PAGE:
Don’t Let It Go To Your Head – A Caution for Board Members


caution road signMany quip that once you work for or serve on a foundation board, you never have to pay for lunch and everyone laughs at your jokes. While this observation is amusing, it is true that a very real power dynamic that exists between a foundation and the nonprofit community it serves. Nowhere is this power dynamic more apparent — and more dangerous — than between a board member and his or her community.

Being in a position of power means that people are inclined to be more deferential to your opinion, even if they disagree. As a board, you must be your own critical thought partner and examine ideas — especially your own — from every angle. You must also strive to create an environment where those who know more about your community needs and opportunities — namely, your grantees — feel absolutely safe and comfortable in sharing their honest and candid opinions and ideas with you.

No one has all the answers, but people often equate money with knowledge. Be the first to admit when your board is unsure of an idea it has surfaced, when you feel you need someone else to be the expert, or when you’ve made a mistake. This type of humility and candor will help rebalance the power for change and collaboration in your community and move everyone further, faster.

The key to maintaining a balance of power is true humility. Arrogance, bossiness, or condescension on the part of a board member can have devastating effects on relationships between the foundation and nonprofits. It can make the difference between grantee organizations that work as true partners versus those that say what they think a foundation wants to hear in order to receive funding.

Here are three red flags to avoid:

  • Believing it’s your money. It’s not. It legally and technically belongs to the public. You are a trustee, and therefore you assume responsibility for ensuring that community assets are used appropriately. It’s no more your money than it is the guy’s sitting next to you at the bus stop. Never forget that.
  • Playing favorites. No doubt you have causes you believe in most passionately. There are organizations to which you feel an abiding loyalty. But as a foundation board member, you must leave those feelings at the door. Your job is to be objective, strategic, and judicious in making grants. Playing favorites can easily undermine your community’s trust in the foundation’s mission and operations and thereby diminish your hopes for effectiveness.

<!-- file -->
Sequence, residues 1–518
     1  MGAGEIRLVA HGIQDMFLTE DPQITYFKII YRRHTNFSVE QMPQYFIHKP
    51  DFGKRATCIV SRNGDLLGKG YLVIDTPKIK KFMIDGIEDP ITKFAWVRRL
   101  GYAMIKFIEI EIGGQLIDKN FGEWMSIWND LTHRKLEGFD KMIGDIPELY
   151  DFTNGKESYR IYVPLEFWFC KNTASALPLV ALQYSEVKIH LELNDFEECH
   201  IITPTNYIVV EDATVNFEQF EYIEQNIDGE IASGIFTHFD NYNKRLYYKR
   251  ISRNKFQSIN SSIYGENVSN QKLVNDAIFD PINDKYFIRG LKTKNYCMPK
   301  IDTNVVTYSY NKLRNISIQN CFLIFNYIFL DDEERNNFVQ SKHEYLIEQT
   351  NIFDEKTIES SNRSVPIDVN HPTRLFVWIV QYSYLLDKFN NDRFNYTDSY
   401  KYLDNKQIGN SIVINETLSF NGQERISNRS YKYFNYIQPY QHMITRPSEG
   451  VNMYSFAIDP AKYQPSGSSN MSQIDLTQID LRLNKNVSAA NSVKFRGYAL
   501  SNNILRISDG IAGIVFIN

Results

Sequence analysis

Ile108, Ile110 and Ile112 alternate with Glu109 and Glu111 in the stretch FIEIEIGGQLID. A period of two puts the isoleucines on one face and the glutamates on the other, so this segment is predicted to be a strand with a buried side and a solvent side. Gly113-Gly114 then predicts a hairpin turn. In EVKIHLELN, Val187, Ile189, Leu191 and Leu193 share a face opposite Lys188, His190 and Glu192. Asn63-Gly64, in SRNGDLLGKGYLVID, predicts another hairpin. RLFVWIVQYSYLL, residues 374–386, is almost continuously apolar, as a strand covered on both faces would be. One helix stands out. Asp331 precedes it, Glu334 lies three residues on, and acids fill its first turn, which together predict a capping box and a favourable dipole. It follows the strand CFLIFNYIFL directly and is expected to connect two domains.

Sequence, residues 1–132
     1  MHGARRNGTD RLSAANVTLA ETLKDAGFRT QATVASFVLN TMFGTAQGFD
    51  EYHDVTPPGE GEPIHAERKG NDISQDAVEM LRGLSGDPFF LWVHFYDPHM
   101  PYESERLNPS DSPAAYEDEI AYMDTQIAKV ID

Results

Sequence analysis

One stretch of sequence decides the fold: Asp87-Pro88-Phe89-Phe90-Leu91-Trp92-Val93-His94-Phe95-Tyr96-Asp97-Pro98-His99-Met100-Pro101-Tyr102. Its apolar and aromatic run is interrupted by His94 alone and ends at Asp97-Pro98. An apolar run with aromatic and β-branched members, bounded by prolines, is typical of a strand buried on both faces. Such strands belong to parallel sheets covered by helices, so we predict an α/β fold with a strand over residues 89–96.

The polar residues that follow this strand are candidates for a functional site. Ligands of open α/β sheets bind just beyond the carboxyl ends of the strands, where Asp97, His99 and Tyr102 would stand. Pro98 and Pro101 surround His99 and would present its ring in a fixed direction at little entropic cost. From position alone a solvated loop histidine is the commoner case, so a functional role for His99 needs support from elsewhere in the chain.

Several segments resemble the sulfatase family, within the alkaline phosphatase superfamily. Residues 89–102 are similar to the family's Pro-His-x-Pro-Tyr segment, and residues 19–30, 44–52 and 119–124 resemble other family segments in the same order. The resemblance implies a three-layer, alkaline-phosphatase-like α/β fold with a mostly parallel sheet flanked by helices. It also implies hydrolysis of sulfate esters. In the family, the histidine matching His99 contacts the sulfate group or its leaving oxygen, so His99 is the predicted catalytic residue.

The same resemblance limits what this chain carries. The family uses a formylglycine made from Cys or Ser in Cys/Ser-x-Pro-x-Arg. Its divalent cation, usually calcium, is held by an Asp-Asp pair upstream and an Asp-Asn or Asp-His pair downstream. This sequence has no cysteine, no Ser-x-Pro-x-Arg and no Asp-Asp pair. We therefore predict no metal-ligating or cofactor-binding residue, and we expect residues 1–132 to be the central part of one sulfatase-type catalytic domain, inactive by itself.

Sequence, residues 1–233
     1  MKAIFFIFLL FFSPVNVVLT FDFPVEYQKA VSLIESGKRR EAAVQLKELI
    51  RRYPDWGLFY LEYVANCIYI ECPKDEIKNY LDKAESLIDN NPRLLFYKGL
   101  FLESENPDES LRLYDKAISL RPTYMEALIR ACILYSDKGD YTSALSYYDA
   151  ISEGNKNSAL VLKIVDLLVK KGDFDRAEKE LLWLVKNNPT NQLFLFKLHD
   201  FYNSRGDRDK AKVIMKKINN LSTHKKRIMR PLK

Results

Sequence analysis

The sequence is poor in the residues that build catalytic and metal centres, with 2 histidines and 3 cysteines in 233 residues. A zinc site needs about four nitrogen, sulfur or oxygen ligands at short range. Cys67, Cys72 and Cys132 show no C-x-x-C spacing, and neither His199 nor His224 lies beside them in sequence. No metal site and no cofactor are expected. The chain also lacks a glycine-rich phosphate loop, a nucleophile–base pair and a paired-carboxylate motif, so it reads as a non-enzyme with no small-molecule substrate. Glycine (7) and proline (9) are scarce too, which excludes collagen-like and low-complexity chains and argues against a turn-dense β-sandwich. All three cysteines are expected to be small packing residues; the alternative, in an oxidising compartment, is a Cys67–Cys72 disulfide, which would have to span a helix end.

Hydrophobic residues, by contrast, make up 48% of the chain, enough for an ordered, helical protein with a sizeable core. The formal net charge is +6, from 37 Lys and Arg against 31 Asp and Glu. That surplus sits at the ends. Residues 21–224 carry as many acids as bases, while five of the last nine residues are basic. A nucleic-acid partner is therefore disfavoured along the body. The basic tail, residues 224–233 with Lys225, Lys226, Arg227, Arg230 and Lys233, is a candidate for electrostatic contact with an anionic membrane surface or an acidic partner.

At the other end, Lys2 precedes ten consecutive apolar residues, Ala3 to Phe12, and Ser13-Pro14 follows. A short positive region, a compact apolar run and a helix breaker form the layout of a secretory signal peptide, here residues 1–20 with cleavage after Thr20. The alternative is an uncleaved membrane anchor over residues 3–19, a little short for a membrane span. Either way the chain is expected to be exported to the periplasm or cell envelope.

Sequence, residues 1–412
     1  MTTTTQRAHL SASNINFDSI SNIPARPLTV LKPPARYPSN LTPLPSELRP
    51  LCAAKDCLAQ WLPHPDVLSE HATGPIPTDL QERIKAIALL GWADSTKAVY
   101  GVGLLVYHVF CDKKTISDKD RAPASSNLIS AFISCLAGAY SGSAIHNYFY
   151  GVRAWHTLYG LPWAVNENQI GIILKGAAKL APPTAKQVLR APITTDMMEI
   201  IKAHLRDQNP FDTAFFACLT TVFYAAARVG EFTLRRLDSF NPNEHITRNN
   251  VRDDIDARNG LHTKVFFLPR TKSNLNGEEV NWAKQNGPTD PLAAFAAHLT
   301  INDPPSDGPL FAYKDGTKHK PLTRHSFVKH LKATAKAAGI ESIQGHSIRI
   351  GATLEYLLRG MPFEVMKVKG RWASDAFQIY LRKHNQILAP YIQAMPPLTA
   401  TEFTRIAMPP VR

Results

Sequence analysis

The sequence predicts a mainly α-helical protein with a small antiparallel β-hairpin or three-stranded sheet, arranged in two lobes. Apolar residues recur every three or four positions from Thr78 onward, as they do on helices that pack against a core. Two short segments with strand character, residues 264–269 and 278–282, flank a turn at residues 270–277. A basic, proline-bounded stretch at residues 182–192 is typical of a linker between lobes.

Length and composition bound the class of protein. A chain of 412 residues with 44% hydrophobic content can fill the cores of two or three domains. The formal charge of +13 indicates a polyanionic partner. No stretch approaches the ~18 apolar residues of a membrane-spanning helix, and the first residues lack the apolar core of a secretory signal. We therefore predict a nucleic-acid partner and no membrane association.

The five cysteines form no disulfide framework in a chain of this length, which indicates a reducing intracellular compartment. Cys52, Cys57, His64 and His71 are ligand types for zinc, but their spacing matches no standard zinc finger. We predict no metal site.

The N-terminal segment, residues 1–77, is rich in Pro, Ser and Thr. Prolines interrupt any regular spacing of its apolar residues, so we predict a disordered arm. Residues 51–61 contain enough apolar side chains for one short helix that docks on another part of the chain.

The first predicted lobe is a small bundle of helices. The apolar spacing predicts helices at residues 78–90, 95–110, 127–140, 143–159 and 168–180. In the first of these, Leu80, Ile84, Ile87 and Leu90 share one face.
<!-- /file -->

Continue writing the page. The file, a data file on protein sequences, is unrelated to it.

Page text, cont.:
• Thinking others need to prove themselves. I have worked with board members who thought so much of their positions that they felt others needed to prove themselves worthy of attention. One did so by making surprise site visits to potential grantees. (How would you like a surprise home inspection by the county health department?) Another believed firmly that a nonprofit should have to “work for the money,” and so she created an incredibly long and excessively detailed application form. The foundation staff didn’t need all that information; it was merely to make grantseekers jump through hoops, as if a nonprofit staff doesn’t have more than enough to do already to provide services to those in need.

Please, please don’t be one of these people!

Want more advice for boards? Download Kris’s article, “Don’t Do This – 10 Mistakes New Foundation Boards Make and How to Avoid Them.”


Kris Putnam-Walkerly is a global philanthropy advisor and was recently named one of “America’s Top 25 Philanthropy Speakers.” She is the featured speaker at the North Carolina Network of Grantmaker’s Health Legacy Foundation Board Summit on October 17th in High Point, NC.

“Kris Putnam-Walkerly knows the philanthropy field, has the relationships, and understands the behavior and culture of foundations.”

 ~Colin Lacon, Former CEO and President, Northern California Grantmakers

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